In his most recent weekly radio address, President Obama noted that “some Republican leaders in Congress don’t seem to have learned any lessons from the past few years. They’re pushing to make privatizing Social Security a key part of their legislative agenda if they win a majority in Congress this fall.” The Democratic National Committee also released an ad pointing to the GOP’s desire to privatize the 75 year old program.
A few Republican talking heads have taken exception to this portrayal, and have claimed that no Republicans actually want to privatize the system in the way Democrats describe:
DANA PERINO: I don’t know of a single Republican who actually wants to do what the Democratic ad just said. It’s sad for the Democrats…they still can only run on fear of something that somebody is not suggesting.
ED ROLLINS: The President’s out there saying ‘Republicans are going to take away your Social Security.’ There’s no Republican, basically, standing up and saying that, and we haven’t for a very long time.
JOE SCARBOROUGH: How stupid does he think Americans are? Not only will Barack Obama not allow Social Security to be privatized, Republicans will not allow Social Security to be privatized.
Watch a compilation:
Contrary to their assertions, Rep. Paul Ryan’s (R-WI) much ballyhooed Roadmap for America’s Future calls for the creation of private Social Security accounts, akin to those proposed by President Bush in 2005. Sen. Jim DeMint (R-SC) has explicitly advocated “reviving President George W. Bush’s failed plan to partially privatize Social Security.”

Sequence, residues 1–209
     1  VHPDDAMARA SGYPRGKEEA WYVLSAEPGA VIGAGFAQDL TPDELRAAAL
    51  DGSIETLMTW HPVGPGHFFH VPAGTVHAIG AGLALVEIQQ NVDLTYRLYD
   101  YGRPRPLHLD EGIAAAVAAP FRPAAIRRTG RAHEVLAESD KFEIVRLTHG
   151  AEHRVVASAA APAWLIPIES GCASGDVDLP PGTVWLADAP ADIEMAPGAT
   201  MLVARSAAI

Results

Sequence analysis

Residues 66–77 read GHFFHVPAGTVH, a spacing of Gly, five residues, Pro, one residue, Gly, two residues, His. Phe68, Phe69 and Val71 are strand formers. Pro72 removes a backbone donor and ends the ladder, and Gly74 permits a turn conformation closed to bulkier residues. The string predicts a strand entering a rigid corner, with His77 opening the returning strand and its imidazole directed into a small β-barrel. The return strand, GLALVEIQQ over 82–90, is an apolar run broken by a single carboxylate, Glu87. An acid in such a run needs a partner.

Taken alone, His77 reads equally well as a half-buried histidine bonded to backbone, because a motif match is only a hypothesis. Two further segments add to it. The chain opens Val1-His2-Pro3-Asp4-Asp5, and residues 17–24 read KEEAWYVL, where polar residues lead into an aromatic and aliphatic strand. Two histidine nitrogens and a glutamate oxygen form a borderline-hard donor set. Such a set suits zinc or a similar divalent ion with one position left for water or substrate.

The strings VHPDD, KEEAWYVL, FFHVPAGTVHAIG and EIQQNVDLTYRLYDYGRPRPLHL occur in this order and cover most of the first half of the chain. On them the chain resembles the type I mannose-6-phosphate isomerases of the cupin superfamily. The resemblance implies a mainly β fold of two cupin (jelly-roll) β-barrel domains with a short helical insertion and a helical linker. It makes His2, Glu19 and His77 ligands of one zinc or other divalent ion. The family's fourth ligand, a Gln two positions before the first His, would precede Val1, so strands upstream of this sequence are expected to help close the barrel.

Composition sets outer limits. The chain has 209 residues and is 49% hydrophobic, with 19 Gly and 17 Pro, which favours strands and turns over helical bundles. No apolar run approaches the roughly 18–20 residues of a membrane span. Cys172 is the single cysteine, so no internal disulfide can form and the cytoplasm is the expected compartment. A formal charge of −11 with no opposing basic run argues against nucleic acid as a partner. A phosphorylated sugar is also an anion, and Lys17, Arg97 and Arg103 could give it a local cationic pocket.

Reps. Dan Lungren (R-CA), Jack Kingston (R-GA), and Marsha Blackburn (R-TN) have all touted personal accounts, while Rep. Michele Bachmann (R-MN) has expressed a desire to “wean everybody off” Social Security entirely. Rep. John Shadegg (R-AZ) even questioned the constitutionality of the program.
Kentucky’s Republican Senate candidate Rand Paul, meanwhile, has said “let young working people opt out, the sooner the better, let ‘em opt out and get a better investment.” Indiana’s GOP Senate candidate Dan Coats has endorsed a Social Security plan “along the lines of what Paul Ryan has proposed.”
As a Center for American Progress Action Fund analysis found, under a Bush-style privatization plan, an October 2008 retiree would have lost $26,000 in the market plunge of that year, and if the U.S. stock market had behaved like the Japanese market during the duration of that retiree’s work life, “a private account would have experienced sharp negative returns, losing $70,000 — an effective -3.3 percent net annual rate of return.” But despite the market turmoil that America just went through, Republicans are most certainly pushing a privatization agenda, under the guise of a manufactured Social Security “crisis.”